To expand her knowledge, she undertook a course in fashion designing and clothing technology at National Institute of Fashion Technology in Delhi in 2014.
She also did a fellowship from the School of Social Entrepreneurs India. It was here that Umang got the first-hand experience in designing a home collection using handlooms for a competition organised by the Ministry of Textiles. Winning the second prize was a validation of the idea of revolutionising Khadi and making it a popular product in India.
Umang spent the next two years in research and development, and officially launched KhaDigi in 2017 with an investment of Rs 30,000.
Over the years, she got a few more investors, including IIM-Ahmedabad and Bhopal-based AIC-Aartech. KhaDigi is currently incubated by Startup Oasis in Jaipur.
Scaling and Digitising Hand-spun Tales
Umang named her startup KhaDigi by coining two terms – Khadi and Digital. The artisans follow the traditional style of making cloth, using a spinning wheel called ‘charkha’, but with a contemporary spin.
“We use digital printing techniques on Khadi fabric. For the same, we provide women with the necessary equipment, yarns, and designs. We hire them for ten months in a year, giving them a stable income,” informs Umang.
Though the rugged-textured Khadi is known for its seasonal comfort (keeping warm in summers and cool in winters) and the hand-spun techniques, entering the market was not easy.
“Khadi has a very disorganised supply chain. My mentor Sarika Narayan and I took some time in decoding the market. Instead of branding ourselves as a clothing line, we identified it as a textile company that would make sustainable khadi fabrics.”
Rebranding did not lead to success overnight. But gradually, the clientele expanded from clothing store Aroka in Mumbai, apparel store Cotton Rack in Jaipur to fashion designers spread across Delhi, Jaipur, and Mumbai.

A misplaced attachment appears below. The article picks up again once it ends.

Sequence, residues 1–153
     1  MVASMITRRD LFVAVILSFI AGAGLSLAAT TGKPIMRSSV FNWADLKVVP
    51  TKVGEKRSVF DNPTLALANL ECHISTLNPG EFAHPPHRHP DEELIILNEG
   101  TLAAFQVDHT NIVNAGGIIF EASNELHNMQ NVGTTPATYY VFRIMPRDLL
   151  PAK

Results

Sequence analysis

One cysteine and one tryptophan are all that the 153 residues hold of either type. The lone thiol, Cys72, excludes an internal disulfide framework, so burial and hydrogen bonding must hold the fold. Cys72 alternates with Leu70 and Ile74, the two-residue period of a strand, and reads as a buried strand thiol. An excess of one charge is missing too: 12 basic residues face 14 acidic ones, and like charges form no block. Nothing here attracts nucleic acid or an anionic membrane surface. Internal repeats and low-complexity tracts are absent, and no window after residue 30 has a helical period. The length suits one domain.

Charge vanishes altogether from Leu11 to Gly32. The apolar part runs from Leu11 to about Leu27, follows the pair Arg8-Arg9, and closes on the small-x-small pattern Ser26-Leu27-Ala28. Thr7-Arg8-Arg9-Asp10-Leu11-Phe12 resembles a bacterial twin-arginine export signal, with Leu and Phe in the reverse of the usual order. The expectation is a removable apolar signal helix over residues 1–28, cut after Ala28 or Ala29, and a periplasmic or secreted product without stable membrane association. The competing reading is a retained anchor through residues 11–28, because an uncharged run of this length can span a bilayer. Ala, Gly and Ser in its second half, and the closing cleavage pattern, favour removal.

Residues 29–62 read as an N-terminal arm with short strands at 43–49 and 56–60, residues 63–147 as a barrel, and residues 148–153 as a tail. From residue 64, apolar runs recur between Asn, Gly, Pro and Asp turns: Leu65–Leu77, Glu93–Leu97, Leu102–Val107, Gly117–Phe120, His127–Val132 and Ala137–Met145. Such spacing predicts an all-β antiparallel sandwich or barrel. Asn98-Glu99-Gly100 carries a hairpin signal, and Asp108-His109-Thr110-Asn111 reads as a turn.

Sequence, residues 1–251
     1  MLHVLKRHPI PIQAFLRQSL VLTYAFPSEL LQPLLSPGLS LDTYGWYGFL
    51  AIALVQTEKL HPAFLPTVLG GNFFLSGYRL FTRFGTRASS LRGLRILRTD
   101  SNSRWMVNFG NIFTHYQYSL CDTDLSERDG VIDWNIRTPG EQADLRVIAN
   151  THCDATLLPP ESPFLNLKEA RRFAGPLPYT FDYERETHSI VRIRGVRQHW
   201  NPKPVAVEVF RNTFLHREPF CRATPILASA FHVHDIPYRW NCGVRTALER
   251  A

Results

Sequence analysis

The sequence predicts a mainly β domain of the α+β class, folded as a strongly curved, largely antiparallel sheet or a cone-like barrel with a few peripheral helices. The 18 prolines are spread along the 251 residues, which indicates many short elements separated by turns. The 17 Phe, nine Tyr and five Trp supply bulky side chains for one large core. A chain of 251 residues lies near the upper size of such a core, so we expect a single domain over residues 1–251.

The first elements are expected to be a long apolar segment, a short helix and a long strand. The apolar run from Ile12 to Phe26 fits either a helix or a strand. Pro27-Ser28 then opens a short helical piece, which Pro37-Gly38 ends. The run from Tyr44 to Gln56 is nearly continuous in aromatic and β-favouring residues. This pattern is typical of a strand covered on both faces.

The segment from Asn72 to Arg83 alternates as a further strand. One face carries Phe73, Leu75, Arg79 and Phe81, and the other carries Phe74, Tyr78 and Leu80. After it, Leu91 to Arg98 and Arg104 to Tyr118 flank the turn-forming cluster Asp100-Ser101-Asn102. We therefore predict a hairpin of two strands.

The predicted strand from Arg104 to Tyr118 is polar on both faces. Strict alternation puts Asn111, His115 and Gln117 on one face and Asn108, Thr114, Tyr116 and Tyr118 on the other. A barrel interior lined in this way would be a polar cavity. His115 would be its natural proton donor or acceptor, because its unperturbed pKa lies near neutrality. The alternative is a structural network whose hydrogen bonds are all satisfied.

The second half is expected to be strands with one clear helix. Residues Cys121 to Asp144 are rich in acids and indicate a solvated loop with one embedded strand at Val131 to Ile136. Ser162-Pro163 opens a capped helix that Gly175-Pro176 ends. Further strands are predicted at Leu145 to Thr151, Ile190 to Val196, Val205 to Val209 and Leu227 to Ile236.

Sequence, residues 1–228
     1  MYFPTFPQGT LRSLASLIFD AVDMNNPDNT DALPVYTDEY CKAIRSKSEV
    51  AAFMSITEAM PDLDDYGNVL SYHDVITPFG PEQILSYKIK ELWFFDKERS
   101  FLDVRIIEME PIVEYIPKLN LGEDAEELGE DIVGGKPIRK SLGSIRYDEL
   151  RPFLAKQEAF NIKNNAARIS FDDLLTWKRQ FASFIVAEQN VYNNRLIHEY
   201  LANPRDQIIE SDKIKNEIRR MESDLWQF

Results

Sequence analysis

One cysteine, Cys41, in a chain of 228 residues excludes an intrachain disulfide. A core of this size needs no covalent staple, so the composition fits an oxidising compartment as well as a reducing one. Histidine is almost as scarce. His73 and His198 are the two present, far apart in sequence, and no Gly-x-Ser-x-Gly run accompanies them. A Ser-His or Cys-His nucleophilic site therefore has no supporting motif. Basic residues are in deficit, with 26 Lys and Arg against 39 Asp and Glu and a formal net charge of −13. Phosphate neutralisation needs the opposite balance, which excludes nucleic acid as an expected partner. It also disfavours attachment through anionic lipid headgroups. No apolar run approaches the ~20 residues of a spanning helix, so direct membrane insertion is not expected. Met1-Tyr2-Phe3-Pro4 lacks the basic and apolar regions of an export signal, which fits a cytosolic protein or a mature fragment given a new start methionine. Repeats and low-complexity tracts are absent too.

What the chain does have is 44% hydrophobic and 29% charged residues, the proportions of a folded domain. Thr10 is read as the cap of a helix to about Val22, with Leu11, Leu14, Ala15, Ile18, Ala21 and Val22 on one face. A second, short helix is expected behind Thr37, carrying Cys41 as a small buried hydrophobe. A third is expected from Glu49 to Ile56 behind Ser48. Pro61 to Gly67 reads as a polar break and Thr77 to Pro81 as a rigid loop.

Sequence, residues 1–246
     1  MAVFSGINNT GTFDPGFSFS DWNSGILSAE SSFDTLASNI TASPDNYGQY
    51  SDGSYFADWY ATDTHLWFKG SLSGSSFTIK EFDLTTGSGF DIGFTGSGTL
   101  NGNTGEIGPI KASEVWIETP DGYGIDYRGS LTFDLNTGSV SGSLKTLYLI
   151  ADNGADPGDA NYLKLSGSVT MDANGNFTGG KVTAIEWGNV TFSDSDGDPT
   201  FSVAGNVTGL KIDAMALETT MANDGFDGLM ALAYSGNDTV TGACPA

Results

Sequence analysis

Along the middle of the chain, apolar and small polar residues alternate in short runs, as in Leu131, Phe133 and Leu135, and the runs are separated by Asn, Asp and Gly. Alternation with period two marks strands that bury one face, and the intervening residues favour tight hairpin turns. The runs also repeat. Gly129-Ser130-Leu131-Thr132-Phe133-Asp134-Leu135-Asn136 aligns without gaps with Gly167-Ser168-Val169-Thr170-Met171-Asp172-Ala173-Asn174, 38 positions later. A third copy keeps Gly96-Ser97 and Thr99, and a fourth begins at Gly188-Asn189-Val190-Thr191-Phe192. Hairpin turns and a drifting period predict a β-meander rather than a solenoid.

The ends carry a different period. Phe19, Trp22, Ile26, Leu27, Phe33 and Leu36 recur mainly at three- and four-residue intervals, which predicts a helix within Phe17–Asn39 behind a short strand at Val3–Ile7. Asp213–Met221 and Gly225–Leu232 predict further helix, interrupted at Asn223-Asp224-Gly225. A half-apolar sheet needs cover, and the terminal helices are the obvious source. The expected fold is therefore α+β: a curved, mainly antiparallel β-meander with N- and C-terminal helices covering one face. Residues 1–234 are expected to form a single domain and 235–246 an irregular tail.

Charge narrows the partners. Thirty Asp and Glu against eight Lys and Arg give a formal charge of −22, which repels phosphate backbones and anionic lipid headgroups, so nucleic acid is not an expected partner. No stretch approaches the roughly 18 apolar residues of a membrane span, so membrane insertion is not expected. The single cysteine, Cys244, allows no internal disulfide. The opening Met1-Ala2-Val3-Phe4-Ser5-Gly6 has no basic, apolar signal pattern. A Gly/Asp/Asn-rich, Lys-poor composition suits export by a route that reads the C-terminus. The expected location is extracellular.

In 2018, Tanya Chugh, a business developer from Umang’s social circle, joined the company as a partner to further the business model, “She shifted to London this year, and we hope to make a breakthrough in international markets,” she says.
Once KhaDigi pocketed a steady clientele, the company started experimenting with 150 fabrics, including bamboo, soybean waste, mulberry silk yarn, and banana yarn to further champion the cause of sustainability.
The Way Forward
Owing to the lockdowns brought about by COVID-19, operations of several companies have been halted. Fortunately, KhaDigi’s fabric can be fashioned into different products. Banking on this, they are making protective gear like masks and gloves for the general public. So far, they have produced over one lakh masks.
“Prime Minister Narendra Modi has requested all of us to be vocal for local. So, we are using this opportunity to grow and make Khadi more consumer-centric. Thankfully, we have close to 5,000 metres of fabric woven by women in our warehouse. We have not let our revenues get affected,” shares Umang.
Post the lockdown, Umang and Tanya hope to improve their supply chain through technology by putting QR codes on every length of fabric. This will help the customer know the fabric’s origin. The startup is working on a B2C (business-to-customer) online model to stabilise its revenue system.
From dreaming of empowering rural women to touching hundreds of lives, from being a sceptical youngster to making it to Forbes’ 30-under-30 list, Umang has indeed come a long way.
(Edited by Shruti Singhal)